The Curiosity Poll – results!

This all started with a simple question I asked on my Twitter:

With such a small number of responses the results were hardly definitive, But there was something of a clear trend.  Reader Dawnstorm tells me that the results may just be random, I’ll take his word for it. That lead me to post the same poll here at the Lounge last week.

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I half expected the trend to continue…  But I didn’t expect this:

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Even though it’s still a small number of respondents (14, and thus still suspect), the trend is even more clear.  Readers like a blog that at least contains some things other than anime.  This never was a referendum on the future of the Lounge, but it’s nice to see what I’ve been doing is liked.  (On the other hand, since the poll was of my readers there’s no doubt a bit of bias and self selection going on…)

Thanks to those who took part!  Drop a line down in the comments and tell me what you think!

3 thoughts on “The Curiosity Poll – results!”

  1. I wasn’t actually saying that the results “may just be random”. In your post you said:

    I posted a poll on Twitter a week or so back, and while I didn’t have any particular expectation, I did find the results surprisingly close.

    My response was to that. “Surprisingly close” is different from “surprisingly, it was close”. But the category of “close” contains only one ratio with 5 responses, and that is 60:40 whichever way it leans. The more responses you get the more ratios are potentially within a range one might call “close” (and the more likely we are to have different instincts). Basically, “surprisingly close” here means little more than that you have gotten so few responses. If it hadn’t been surprisingly close, it’d have been “surprisingly decisive” (unless you actually expected an 80:20 distribution or higher).

    When you get more responses, the range of possible ratios increases, and not-too-close/not-too-decisive results become possible. That’s not yet a question of empirical distributions; it’s a question of systematic probabilistic behaviour. That is: with only 5 responses the surprise only looks like it comes from how close the results are; it’s really only surprising because your expectations didn’t take in account the number of replies you’d receive (again, I’m wrong if a result of 80:20 or above is what you’d have actually expected).

    Percentages have a sort “sacred” status these days, representing scientific rationality. But percentages of a small sample don’t mean the same thing as percentages of a large sample, and I’m not even talking about representativeness yet. Percentages are a measure we use to compare samples of different sizes; but with very low sample sizes percentages stop making sense, because the range of possible ratios is so low. If only two people had replied, you have two possibilities: unanimosity or a perfect split. There’s no way that’s usefully expressed as a percentage. It’s possible that it’s perfectly representative though: that would be the case, for example, if by chance the results match, or if two people isn’t actually a sample but all the replies you need.

    I wasn’t saying the result was random (though that’s part of it). 1 % is one in a hundred. If you have a smaple of five, and you chose to use these results as an estimate for, say, a popluation of 100, then you’re making a hidden assumption that people will vote in sync in batches of 20 – which is absurd.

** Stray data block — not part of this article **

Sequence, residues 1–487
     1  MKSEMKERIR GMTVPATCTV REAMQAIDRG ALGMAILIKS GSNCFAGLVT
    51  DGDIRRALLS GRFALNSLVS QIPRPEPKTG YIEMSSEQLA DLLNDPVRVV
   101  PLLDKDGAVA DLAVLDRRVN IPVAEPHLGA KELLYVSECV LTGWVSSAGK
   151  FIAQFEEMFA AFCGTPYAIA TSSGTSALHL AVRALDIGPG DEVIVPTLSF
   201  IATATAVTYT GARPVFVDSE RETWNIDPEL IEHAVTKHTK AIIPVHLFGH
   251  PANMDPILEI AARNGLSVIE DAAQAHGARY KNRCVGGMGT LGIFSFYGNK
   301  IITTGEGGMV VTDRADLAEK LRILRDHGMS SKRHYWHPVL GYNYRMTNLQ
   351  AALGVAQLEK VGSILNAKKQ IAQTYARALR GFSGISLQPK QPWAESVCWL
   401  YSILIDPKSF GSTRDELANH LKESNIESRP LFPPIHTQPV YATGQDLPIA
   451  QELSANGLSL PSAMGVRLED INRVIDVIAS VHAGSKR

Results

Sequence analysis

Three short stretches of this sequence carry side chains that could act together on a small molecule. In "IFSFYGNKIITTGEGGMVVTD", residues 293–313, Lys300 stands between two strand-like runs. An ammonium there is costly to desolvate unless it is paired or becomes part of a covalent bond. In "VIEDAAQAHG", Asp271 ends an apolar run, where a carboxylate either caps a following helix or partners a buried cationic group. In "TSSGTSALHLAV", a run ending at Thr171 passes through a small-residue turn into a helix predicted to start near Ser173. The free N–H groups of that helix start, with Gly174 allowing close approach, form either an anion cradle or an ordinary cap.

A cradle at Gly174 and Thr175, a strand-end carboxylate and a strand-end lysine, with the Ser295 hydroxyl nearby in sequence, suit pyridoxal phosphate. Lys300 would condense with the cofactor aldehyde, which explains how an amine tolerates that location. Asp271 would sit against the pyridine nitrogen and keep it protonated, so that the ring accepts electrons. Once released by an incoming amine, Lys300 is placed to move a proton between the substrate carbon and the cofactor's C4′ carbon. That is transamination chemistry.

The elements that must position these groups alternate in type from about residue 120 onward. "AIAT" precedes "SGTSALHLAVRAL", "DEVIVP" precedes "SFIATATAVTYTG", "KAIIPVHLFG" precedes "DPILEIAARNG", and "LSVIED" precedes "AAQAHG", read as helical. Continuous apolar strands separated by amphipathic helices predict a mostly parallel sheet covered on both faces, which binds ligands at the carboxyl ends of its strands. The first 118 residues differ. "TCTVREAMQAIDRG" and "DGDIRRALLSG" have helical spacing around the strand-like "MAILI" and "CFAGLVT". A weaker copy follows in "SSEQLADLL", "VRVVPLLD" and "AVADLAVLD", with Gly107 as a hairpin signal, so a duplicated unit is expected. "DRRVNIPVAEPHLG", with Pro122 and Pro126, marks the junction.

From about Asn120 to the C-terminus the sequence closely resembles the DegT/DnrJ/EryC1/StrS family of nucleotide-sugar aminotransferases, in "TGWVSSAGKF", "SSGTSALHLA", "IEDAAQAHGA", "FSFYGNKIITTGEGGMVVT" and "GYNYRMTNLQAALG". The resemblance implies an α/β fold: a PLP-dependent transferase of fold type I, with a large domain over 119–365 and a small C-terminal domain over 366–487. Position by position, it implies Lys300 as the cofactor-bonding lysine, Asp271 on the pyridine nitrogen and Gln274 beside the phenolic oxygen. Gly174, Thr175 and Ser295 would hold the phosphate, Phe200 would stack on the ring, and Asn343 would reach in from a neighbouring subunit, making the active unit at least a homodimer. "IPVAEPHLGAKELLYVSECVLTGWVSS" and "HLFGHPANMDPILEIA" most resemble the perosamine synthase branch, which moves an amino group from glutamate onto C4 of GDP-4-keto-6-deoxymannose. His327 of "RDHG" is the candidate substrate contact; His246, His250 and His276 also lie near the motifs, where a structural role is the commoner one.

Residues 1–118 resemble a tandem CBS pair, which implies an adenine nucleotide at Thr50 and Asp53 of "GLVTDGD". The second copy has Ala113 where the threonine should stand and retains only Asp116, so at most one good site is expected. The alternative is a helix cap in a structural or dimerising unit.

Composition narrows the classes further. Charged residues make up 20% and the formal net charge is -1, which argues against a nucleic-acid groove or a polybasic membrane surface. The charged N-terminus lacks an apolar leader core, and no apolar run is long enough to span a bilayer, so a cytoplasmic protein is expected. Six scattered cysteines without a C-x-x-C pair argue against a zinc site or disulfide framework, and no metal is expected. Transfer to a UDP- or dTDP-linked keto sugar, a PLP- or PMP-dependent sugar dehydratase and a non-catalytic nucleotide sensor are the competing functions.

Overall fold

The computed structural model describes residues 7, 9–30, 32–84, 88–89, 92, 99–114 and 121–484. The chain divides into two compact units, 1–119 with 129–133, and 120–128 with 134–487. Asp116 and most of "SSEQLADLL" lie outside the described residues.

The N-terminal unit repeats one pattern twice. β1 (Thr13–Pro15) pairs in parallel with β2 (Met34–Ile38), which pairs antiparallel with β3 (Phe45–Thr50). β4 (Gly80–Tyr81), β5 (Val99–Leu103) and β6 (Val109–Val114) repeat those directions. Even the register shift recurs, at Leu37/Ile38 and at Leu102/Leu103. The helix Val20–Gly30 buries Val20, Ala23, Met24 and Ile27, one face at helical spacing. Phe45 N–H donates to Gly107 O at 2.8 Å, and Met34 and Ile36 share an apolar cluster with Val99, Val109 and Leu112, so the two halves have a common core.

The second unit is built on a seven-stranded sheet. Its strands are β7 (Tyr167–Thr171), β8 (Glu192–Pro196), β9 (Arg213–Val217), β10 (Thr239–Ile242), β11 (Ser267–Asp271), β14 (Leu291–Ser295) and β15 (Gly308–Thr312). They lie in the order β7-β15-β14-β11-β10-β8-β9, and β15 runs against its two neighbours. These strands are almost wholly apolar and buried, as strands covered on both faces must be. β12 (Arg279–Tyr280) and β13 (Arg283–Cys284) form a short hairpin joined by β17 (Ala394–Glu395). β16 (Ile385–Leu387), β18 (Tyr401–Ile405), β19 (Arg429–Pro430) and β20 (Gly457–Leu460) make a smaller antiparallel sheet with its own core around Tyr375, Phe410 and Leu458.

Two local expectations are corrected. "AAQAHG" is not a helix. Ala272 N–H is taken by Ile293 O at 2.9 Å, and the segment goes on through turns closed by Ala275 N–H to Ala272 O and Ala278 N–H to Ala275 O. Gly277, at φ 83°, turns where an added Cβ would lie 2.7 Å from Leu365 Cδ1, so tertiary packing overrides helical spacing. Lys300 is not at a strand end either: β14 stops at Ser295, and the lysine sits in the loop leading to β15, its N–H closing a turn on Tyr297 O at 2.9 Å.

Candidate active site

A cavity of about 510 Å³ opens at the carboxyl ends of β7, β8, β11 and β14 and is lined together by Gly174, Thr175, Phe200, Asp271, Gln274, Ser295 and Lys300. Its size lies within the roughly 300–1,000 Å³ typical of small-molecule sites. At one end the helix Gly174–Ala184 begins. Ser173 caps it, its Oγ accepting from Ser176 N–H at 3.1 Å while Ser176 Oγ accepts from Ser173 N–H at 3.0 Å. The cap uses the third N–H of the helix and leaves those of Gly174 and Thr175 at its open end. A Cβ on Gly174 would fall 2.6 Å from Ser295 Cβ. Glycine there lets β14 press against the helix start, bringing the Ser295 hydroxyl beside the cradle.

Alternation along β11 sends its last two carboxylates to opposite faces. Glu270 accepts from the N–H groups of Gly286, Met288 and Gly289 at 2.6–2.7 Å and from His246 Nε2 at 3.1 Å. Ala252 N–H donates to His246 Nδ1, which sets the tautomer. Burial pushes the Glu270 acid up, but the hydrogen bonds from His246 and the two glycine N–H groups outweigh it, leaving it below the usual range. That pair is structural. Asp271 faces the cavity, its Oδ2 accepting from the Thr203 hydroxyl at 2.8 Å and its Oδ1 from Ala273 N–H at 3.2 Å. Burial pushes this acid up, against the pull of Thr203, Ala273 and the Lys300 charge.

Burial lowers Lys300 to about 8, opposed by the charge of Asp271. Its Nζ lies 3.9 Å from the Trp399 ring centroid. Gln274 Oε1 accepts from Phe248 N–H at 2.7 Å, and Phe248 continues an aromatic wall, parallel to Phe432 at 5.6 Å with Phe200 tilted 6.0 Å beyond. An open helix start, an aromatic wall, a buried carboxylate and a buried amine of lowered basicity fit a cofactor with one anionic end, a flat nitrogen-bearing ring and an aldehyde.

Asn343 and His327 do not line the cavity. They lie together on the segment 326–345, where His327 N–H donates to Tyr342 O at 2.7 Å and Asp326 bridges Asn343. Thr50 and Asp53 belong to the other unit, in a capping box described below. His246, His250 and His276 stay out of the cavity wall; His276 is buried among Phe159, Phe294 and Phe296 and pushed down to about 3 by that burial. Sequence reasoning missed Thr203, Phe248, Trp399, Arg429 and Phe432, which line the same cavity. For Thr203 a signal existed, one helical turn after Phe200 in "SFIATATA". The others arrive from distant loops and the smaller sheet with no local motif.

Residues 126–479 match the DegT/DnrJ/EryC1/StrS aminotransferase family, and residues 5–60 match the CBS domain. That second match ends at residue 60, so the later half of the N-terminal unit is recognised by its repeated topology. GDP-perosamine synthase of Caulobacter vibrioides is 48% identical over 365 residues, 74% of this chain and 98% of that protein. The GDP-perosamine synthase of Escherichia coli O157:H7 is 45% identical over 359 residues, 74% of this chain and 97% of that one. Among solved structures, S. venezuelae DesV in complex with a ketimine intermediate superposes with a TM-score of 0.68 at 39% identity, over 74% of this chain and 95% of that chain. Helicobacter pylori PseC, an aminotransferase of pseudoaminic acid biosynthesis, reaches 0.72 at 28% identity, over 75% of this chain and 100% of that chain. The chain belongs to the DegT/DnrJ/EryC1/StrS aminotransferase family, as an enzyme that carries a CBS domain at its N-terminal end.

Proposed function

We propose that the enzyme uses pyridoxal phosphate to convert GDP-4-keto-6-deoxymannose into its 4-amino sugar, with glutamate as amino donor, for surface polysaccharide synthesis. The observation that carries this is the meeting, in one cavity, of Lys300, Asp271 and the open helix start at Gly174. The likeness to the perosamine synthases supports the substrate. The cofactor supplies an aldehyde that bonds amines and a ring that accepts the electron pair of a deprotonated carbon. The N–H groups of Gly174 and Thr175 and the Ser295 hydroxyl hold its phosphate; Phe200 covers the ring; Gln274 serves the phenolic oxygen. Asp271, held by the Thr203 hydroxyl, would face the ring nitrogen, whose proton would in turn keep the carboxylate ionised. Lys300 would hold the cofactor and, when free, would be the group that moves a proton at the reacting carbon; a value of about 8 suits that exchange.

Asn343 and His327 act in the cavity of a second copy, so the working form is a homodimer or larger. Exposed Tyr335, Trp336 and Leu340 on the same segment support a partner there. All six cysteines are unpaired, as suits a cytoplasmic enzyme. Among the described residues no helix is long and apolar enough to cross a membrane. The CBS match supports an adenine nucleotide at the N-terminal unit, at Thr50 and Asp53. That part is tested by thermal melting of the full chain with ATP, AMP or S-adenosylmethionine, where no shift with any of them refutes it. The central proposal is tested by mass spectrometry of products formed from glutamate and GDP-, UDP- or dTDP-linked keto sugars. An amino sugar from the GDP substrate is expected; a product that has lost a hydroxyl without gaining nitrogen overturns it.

Differently put: if you’re in a room with 5 people and you ask them all, would you be saying that 3:2 is surprisingly close? As it is, you’re not in a room with anyone relevant, and you’re asking the question of an indeterminant number of people (with the max being all the people who read your twitter account). You may well have an intuitive estimate in mind, and you’ll then see the poll result and look at the percentage and think that’s surprisingly close, because you had some (unspecified) larger difference in mind. But with only five replies, the percentage number isn’t really meaningful.

    If you took all that in account and the results still surprised, I’m sorry for assuming stuff. It’s just that I see people abusing percentages to make a rhetorical point so much, that I sort of tend to jump to conclusions. In any case, it’s a really minor point, and it’s just my geekery (as I said in the other post, too).

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  2. I wasn’t actually saying that the results “may just be random”.

    My apologies for misunderstanding your meaning.

    If you took all that in account and the results still surprised, I’m sorry for assuming stuff.

    I didn’t take anything of that into account… My reactions were emotional, subjective, and mostly unscientific. Heck, it took me a couple of readings just to figure out what you said. (I’m a smart guy, but sociology and statistics are so not my thing.)

    Anyhow, once I worked it out, I see what you’re saying and you make a good point. I was trying to be careful in what I read into the results, I guess I wasn’t careful enough.

    In any case, it’s a really minor point, and it’s just my geekery (as I said in the other post, too).

    Always feel free to share your geekery! As I’ve said before, the comments section belongs to the readers.

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